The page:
Quartz Daily Brief—Europe and Africa edition—Foxconn eyes Sharp, Starbucks earnings, sarcasm detectors

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What to watch for today

Prime minister day at Davos. UK leader David Cameron, Greek PM Alexis Tsipras, and Israeli PM Binyamin Netanyahu will all speak at separate panels at the World Economic Forum. Off-stage, Tsipras will try to persuade (paywall) Greece’s creditors to ease up on austerity measures.

Starbucks reports its earnings. The US coffee shop chain is expected to announce a large increase in fourth-quarter profit, on strong seasonal sales and a popular food menu. It is also succeeding in China, where other fast food companies are struggling.

Dov Charney gives it one last try. The disgraced founder of American Apparel is making a final attempt to regain control of the company by trying to derail its bankruptcy proceedings. If the court approves a restructuring plan backed by a hedge fund, the company will go private and Charney’s shares will become worthless.

The European Central Bank’s rate decision. The bank introduced a stimulus package just six weeks ago, so analysts expect it will hold off on further changes for now. But weak inflation and low oil prices could prompt it to take action.

While you were sleeping

Foxconn offered to buy Sharp for $5.3 billion. The Taiwanese manufacturing giant best known for assembling iPhones said it would also take on all of the Japanese company’s debt, according to the Wall Street Journal (paywall). It hopes the outsized offer for the struggling gadget maker will convince shareholders to drop concerns about selling to a foreign owner.

Wal-Mart announced a wage increase for 1.1 million employees. The largest private employer in the US will move lower-paid employees to a minimum of $10 per hour. The increase, aimed at retaining more employees, is expected to begin next month.

Deutsche Bank warned of a major loss. Germany’s biggest lender gave investors a heads up that it will likely see a €2.1 billion ($2.3 billion) net loss when it reports fourth-quarter earnings. That largely came from litigation and restructuring fees, the bank said, warning that 2016 will be “pretty messy” too.

2015 was confirmed the hottest year on record. NASA and the US National Oceanic and Atmospheric Administration both independently concluded that the global surface temperature was the hottest since records began, in 1880. The previous record was set just one year earlier.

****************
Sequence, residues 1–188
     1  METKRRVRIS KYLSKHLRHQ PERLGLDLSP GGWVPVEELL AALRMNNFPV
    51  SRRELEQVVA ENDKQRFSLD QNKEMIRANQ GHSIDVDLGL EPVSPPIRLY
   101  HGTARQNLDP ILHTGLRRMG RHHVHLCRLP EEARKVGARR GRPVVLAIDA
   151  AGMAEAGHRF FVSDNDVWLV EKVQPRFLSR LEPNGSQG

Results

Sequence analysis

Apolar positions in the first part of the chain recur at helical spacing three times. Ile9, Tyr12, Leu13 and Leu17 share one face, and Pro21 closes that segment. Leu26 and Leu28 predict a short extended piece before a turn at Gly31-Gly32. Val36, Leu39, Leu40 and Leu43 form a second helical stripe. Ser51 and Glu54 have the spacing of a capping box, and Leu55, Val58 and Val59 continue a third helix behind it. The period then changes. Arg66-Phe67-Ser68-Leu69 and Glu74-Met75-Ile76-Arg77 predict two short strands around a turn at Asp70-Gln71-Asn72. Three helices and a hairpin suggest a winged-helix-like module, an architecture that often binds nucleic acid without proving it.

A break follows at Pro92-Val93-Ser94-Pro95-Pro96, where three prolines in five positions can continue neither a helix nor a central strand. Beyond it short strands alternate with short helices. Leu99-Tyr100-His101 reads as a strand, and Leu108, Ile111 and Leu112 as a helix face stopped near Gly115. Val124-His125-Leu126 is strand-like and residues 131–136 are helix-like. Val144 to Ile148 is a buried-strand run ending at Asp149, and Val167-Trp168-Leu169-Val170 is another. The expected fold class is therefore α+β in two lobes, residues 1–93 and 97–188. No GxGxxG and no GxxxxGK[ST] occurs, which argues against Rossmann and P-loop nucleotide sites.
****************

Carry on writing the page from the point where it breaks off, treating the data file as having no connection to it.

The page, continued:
Barclays plans to quit Taiwan and South Korea. The British bank announced to employees that it will exit the two countries and close its cash equities business in Asia, according to Reuters. CEO Jes Staley has complained that the restructuring of the bank has been moving too slowly.

“Minions” became Universal’s most profitable movie. The movie was one of only three that grossed more than $1 billion worldwide, said Steve Burke, head of NBCUniversal, in a memo to employees. The movie cost $74 million to produce, and earned $1.2 billion in box office sales.

Quartz obsession interlude

Kevin Delaney on the radical optimism of Canada’s prime minister. “His electoral mandate is to ‘provide a positive and good government for Canadians,’ Justin Trudeau says, ‘rather than focusing on what we’re scared of.’ But what about the prospect of terrorism attacks on Canadian soil? ‘People are open to not choosing to live in constant fear,’ Trudeau says. ‘We have to make a choice about how much we’re going to close and limit and crack down on our society in order to protect it.’” Read more here.

Matters of debate

Davos is a farce cooked up for the masses. The super-rich play by different rules than the rest of the world.

There’s nothing wrong with mourning on social media. Let’s ditch the assumption that grief is only sincere if it’s private.

Gossiping isn’t a flaw, it’s a skill. Being a good gossip means being a team player, and reading your peers correctly.

Surprising discoveries

Brazil is deploying genetically modified mosquitoes. The weaponized insects are the best hope against dengue and the Zika virus.

Virtual archeologists are recreating ISIL’s sacked cities. 3D printers are being used to make models of Palmyra, Syria.

Researchers have developed an extremely effective “sarcasm detector.” They trained their algorithms by reading #sarcasm tweets.

A group of Frenchmen once tried to establish a communist utopia in Texas. The 1848 commune quickly failed.

By 2050, there will be more plastic than fish in the sea. Pound for pound, manmade trash will outweigh marine life.

Chris Sheldrick is founder and CEO of what3words, a global grid of 57 trillion 3mx3m squares that gives every location in the world an easy-to-use address. Following his standout presentation at The Next Billion: New York, Chris will join Quartz on Slack for our first live chat Q&A with our editors and readers. Sign up now to join us today from 1-2pm EST.

Our best wishes for a productive day. Please send any news, comments, weaponized mosquitoes, and algorithmic sarcasm to You can follow us on Twitter for updates throughout the day.

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